BRUNSWICK – A request by Bowdoin College to discontinue Pine Street’s layout in order to construct a new field house as part of its Whittier Field renovations was met with skepticism at a lengthy public hearing Monday night.

Bowdoin’s proposal would discontinue the current street and replace it with a new road oriented 90 degrees from the current one, connecting to Bath Road. As part of the proposal, Bowdoin would incur all costs of constructing the new road, grant an easement to the Pine Street Cemetery plots could still be accessed, and maintain a bike and pedestrian path running along Pine Street’s current location.

“The college is asking town to cede their public access rights to that part of the road to another part,” said Matt Orlando, a senior vice president at Bowdoin.

The plan originated from the college’s meetings with residents of Bowker Street, which intersects Pine Street. According to Orlando, residents said they preferred not having the 9,000-square-foot field house complex on the south side of Whittier Field, close to residents’ homes and Bowker Street.

“It became immediately clear, after a couple of those neighbors meeting, that they prefer that the building be built further away from the street,” said Orlando. “We agreed to look at other options, which meant the north side of the facility.”

Due to constraints of the property and the topography of the area, the building would end up obstructing parts of Pine Street, which led to Bowdoin’s proposal to relocate the road.

A Bowdoin College proposal to build a 9,000-square-foot facility in the current path of Pine Street would require the discontinuance of the road, and neighbors aren’t sold on the studies that show traffic wouldn’t increase. Courtesy of Town of Brunswick

Traffic studies done by both a Bowdoin consultant and an independent consultant hired by the town indicated that the result of moving the street would be slightly higher traffic in the neighborhood, to the tune of a few dozen cars at the busiest times of day. In addition, the studies both concluded that while the new route might attract people trying to cut through the neighborhood to avoid the traffic light at the intersection of Sills Drive and Bath Road, the increase would be minimal.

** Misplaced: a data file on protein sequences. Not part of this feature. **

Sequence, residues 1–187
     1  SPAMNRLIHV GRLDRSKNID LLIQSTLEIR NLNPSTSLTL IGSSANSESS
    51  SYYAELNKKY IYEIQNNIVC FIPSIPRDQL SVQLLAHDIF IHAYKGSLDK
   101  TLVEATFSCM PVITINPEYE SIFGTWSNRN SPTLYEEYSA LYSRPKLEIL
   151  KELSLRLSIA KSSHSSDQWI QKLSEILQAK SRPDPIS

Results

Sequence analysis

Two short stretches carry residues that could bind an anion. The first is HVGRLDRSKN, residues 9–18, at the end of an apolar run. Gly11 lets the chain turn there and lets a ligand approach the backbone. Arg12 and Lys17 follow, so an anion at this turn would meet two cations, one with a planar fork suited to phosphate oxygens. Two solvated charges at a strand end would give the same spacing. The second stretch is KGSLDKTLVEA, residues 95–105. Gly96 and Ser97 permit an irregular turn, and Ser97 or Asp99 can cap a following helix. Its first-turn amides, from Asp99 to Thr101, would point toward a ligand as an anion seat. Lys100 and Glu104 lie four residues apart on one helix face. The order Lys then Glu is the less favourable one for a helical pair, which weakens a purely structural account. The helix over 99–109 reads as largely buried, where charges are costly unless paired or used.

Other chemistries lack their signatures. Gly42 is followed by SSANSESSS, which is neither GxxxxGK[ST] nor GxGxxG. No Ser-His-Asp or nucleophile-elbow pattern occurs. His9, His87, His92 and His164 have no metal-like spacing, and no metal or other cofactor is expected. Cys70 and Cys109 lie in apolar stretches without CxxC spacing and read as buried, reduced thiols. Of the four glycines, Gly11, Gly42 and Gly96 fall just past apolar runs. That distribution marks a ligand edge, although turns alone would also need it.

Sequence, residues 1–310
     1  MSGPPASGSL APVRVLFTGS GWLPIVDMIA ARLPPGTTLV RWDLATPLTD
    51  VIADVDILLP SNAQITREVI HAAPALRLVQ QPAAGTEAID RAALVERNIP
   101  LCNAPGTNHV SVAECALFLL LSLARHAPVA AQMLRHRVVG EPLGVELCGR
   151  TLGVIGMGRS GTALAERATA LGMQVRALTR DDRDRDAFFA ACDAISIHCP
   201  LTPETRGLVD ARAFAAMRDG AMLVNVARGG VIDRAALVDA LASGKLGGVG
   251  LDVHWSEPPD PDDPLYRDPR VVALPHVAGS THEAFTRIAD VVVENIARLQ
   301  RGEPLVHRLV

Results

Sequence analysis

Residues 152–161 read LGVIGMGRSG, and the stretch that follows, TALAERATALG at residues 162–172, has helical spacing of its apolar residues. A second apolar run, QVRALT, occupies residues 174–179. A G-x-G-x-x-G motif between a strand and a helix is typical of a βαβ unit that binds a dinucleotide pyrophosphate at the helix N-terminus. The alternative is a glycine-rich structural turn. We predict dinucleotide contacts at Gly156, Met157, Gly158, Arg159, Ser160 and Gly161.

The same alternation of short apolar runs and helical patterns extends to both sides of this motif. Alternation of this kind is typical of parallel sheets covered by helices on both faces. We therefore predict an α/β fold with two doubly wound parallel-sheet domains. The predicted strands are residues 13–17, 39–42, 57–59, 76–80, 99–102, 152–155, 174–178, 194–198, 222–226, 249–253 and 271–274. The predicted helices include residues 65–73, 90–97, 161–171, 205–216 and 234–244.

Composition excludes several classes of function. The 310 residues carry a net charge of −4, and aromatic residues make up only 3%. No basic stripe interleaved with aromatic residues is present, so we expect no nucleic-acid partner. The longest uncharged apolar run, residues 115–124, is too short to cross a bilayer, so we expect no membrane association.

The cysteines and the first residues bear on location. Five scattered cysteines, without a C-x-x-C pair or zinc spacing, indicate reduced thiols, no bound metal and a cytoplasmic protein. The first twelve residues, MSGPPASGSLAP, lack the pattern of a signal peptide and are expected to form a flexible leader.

Residents, however, weren’t buying it. The majority of public comments focused on concerns about the new street becoming a cut-through for anyone trying to avoid the traffic light, with the possibility of new traffic ruining the nature of the neighborhood.

“What I have a problem with is giving up the aesthetic ambiance of Pine Street,” said Richard Hartford, who lives on McLellan Street.

Several other residents agreed, citing concerns about families with small children in the neighborhood.

Other concerns included a general feeling that regardless of resident input, Bowdoin would get its way.

“There’s nobody else in this town, or any business, that would be allowed to take a street back. It’s not going to happen,” said James Minott.

The council debated the topic at length, including questioning whether the college had a longterm plan for the area.

“We ask these questions, we never really get good answers,” said Councilor Sarah Brayman. She expressed concern that the college may make additional plans in the future based on the reconfigured roads. “People always say ‘I told you so, this is exactly what we were afraid of.’”

Orlando said the college has no plans for the area other than the changes to the Whittier Field area.

The council also debated whether the new road, if the plan moves forward, should come with traffic calming measures. Some councilors stated that additional measures should wait until a traffic study, while others wanted things like speed humps and other methods installed from the beginning.

“I think one of the things we need to do is put in some calming methods from the get-go,” said Councilor Jane Millett.

Other ideas such as relocating the building across Pine Street were floated by the council, with the college stating that any construction in that area of their property was a non-starter due to increased costs. Bowdoin’s engineer, Kylie Mason of Sebago Technics, cited steeper grades as prohibitively expensive for construction.

“We are already taking extra costs not building on area ‘A’ (Bowker Street),” said Orlando.

By state statute, council has to wait at least 10 business days before making any decision on the discontinuance of Pine Street. Because Thanksgiving is not counted as a business day, the next regular meeting, Dec. 4, will be too early for council to vote on the subject. However, the council may still take up the issue in order to talk through the proposal, and is also inviting the public to send comments to the council either via mail or email at [email protected].